Students at a college serving Kentucky’s eastern coalfields will have continued access to federal student aid under a waiver announced by Senate Majority Leader Mitch McConnell.
The waiver approved by U.S. Education Secretary Betsy DeVos will allow Southeast Kentucky Community and Technical College to continue participating in federal student loan programs, according to McConnell.
The multi-campus school had been at risk of losing access to federal aid for students because of high default rates among former students unable to pay off their education loans.
A cutoff of federal aid would have been a devastating blow to a school seen as a key contributor to efforts to diversify the region’s economy amid a struggling coal sector.
“The college works side by side with us as we work to reinvent ourselves and retrain our people after the downturn in the coal industry,” Harlan County Judge-Executive Dan Mosley said.
The waiver stems from a provision giving federal education officials the flexibility to account for the region’s economic hardships when calculating a school’s loan default rate and determining its eligibility to participate in federal student aid programs, McConnell’s office said.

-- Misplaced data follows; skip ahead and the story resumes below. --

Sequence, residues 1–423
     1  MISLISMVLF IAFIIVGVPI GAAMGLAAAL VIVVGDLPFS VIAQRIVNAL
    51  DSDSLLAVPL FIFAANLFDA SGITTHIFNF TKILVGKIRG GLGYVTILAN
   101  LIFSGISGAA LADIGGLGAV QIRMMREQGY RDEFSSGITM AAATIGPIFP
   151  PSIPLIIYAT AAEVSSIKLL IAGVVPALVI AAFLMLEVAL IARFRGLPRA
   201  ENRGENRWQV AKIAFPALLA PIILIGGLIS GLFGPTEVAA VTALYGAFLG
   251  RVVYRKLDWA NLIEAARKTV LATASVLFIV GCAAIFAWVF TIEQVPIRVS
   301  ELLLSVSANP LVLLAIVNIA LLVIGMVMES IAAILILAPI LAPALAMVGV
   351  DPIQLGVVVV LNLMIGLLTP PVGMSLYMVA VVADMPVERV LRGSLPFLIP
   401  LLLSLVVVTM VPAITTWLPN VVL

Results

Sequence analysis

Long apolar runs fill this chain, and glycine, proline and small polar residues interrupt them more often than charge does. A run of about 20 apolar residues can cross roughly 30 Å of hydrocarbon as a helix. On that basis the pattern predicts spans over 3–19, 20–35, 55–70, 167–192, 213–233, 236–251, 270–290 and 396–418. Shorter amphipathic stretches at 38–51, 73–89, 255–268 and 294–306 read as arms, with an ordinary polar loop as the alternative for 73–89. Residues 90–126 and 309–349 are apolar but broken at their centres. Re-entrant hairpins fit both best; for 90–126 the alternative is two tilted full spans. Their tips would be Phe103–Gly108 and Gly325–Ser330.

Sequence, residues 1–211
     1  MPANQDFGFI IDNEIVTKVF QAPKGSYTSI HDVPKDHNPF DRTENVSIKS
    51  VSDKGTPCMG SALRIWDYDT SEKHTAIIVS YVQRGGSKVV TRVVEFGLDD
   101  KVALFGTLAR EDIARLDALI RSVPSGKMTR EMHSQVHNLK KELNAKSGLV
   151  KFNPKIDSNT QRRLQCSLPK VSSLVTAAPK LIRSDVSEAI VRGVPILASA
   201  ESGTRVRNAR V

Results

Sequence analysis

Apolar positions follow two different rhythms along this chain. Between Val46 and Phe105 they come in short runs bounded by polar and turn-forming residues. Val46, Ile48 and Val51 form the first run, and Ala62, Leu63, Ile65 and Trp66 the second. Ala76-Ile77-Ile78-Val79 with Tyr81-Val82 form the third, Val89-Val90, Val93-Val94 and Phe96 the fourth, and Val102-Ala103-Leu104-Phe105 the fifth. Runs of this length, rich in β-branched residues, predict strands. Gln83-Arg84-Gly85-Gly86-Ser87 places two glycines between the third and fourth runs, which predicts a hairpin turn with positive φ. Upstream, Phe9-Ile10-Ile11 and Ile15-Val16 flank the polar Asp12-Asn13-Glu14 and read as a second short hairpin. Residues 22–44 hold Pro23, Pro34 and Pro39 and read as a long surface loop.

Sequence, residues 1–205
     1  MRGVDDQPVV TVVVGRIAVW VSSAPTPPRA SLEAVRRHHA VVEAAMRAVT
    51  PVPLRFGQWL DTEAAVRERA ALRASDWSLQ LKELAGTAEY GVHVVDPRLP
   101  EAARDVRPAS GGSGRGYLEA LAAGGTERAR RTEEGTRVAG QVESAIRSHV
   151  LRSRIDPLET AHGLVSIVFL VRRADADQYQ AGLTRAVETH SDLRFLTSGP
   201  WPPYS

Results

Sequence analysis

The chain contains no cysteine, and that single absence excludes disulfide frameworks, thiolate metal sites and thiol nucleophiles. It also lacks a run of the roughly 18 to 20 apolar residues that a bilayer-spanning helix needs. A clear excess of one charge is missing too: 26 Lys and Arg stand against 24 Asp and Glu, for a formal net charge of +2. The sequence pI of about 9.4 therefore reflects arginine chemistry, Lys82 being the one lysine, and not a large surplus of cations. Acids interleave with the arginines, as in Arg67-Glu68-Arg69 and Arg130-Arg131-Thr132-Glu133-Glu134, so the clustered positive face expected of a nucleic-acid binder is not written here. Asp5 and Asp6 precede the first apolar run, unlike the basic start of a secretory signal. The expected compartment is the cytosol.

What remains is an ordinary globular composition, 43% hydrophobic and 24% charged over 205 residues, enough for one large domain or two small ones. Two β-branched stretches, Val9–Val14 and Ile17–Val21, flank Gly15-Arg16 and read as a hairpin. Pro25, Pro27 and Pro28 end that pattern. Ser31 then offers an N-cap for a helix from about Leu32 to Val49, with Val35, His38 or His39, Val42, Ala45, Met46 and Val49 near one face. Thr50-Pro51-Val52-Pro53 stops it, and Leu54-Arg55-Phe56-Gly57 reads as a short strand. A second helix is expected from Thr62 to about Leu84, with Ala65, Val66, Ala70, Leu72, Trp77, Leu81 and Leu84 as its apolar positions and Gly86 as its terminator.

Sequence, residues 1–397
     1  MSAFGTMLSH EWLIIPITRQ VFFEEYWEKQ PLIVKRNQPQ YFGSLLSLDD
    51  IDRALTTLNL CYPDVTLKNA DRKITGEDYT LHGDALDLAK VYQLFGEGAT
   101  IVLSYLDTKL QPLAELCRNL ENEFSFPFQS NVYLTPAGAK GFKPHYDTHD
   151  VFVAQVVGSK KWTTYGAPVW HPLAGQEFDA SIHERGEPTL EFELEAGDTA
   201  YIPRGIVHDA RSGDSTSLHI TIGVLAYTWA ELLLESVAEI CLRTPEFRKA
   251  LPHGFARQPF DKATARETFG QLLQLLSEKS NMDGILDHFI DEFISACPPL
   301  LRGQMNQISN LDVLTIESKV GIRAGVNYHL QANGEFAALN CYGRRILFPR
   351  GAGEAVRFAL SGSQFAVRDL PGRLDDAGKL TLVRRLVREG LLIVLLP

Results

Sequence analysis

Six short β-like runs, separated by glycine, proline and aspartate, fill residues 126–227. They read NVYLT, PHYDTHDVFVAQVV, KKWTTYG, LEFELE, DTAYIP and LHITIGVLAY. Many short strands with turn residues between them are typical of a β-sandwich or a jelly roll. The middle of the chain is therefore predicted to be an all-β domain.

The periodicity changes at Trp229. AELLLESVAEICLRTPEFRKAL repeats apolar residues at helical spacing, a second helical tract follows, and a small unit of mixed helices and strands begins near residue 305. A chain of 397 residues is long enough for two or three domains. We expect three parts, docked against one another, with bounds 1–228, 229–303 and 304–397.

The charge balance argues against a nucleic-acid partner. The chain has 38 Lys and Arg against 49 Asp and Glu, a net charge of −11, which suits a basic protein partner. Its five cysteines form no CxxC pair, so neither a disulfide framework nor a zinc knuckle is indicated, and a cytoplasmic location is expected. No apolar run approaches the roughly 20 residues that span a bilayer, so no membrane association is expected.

McConnell included the provision into a government funding bill earlier this year.
The Kentucky Republican said he was informed of the waiver last week by federal education officials. He thanked DeVos for using the provision to approve the waiver for his home-state school, calling it “great news” for the college’s students.
“Located in the heart of coal country, SKCTC provides an opportunity to students in eastern Kentucky who may have no other access to higher education,” McConnell said in a release.
U.S. Rep. Hal Rogers, the region’s congressman, said students have faced “unmatched financial hardships” tied to the reeling coal industry that has shed thousands of jobs.
“The best way to help our students move forward is not to eliminate their access to loans, but to ensure they can continue to get the financial support they need to further their education for a better future and a sustainable career,” the Republican congressman said.
In some recent years, more than 30 percent of former Southeast Kentucky Community and Technical College students who borrowed money have defaulted.
Federal rules specify that colleges risk losing access to federal loans and grants when their student-loan default rates reach 30 percent or higher in three consecutive years.
The region’s political and education leaders praised McConnell’s efforts resulting in the waiver.
“Thanks to his tenacity in drafting and securing support for this legislation, SKCTC will continue to provide much needed education and job training to build better citizens, a better workforce, a better economy,” said the school’s president, Vic Adams.